I had given this presentation to strategy leaders at a major hospital in New York. I wanted to give them fresh perspective and inspiration by presenting some information on Innovisits and the Danish healthcare system. Although, there are distinct differences between our healthcare systems, we can be inspired and bring some (big and small) innovations back from Denmark.
I must say that I have been enamored with this word, "Innovisit." I first heard it from Diane Stover-Hopkins, a panelist on the Innovation and Technology panel at the Becker's Annual Revenue Cycle and IT conference in Chicago about 2 years ago. I always knew what an innovisit was but had never heard the term until the conference. In graduate school, I studied the Virginia Mason case of implementing the Toyota Production System from Japan and the creation of Health City Cayman Islands (HCCI), a partnership between Ascension Health and Narayana Hospital in India.
After doing some digging, I found an article from HBR highlighting steps to bring outside innovations into healthcare. This fascinated me and I became excited about the concept because so often we hear about the "silos" in healthcare. The silos run deep. So, how do we over come this? Check out my presentation and shoot me an email if you would like to discuss more.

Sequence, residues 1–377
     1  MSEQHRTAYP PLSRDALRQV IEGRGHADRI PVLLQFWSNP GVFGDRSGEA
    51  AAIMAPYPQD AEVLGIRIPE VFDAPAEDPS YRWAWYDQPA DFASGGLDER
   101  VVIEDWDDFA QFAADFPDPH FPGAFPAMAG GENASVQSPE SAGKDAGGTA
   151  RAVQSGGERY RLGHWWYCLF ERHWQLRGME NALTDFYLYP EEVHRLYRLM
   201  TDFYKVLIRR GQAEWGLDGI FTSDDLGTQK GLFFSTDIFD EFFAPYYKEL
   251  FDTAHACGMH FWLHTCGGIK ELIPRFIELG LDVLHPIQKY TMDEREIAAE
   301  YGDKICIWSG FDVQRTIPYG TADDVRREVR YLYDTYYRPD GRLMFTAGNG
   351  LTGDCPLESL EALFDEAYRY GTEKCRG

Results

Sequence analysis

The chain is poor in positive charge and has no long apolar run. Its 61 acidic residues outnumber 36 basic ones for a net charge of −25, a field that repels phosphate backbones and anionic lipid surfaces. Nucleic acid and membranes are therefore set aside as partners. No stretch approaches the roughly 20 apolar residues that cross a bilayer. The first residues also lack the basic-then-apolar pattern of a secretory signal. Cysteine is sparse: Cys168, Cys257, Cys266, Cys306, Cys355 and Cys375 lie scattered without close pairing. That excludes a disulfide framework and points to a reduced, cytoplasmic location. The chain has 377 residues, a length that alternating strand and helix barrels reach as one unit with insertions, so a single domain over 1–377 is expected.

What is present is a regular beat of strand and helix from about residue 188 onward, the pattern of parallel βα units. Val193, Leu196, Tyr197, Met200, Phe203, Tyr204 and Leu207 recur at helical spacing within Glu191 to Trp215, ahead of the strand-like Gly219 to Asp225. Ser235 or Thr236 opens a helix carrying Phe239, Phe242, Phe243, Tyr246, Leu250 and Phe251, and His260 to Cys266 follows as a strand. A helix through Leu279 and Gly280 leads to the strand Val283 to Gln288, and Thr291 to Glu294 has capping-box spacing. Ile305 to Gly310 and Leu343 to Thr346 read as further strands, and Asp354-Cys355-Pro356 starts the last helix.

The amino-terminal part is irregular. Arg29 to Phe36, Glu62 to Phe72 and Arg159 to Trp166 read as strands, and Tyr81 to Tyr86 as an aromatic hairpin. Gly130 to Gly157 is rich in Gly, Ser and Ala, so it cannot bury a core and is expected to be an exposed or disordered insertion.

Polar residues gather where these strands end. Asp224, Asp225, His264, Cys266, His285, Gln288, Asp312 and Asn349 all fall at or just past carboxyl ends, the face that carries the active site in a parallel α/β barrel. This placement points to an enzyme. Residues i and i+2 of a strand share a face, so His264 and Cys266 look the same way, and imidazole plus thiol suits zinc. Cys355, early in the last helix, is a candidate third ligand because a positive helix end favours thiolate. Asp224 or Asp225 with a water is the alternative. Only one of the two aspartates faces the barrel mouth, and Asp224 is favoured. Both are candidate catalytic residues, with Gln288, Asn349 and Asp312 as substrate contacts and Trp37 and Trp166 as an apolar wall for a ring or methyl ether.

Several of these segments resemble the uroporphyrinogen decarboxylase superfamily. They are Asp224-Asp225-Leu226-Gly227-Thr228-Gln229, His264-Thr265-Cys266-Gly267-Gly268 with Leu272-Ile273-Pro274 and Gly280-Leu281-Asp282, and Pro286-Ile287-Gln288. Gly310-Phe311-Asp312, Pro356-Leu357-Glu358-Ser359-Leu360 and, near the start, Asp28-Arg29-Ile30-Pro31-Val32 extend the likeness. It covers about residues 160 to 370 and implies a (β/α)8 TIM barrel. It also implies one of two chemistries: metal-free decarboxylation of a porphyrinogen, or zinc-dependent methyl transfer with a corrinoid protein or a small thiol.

I have been sitting in the office plugging away at my Q2 budget since 11am and it’s almost 2:45pm now. The budget is due in a week for initial review. I’ve wasted countless hours struggling to constantly reload my internet browsers to access the financial information stored in the recently installed cloud-based system. The system was meant to integrate the IT infrastructure and enable a collaborative information exchange among the hospital, insurers, and pharmacy systems. However, things have been slow since the hospital was forced to negotiate a new deal with its internet service provider (ISP). Frustrated, I look over at my phone and it says, “phone not recognized.” With my limited VOIP (voice over IP) knowledge, I plug out the cords and plug them back in. Now the phone says “Resetting” and it does this for about 10 minutes.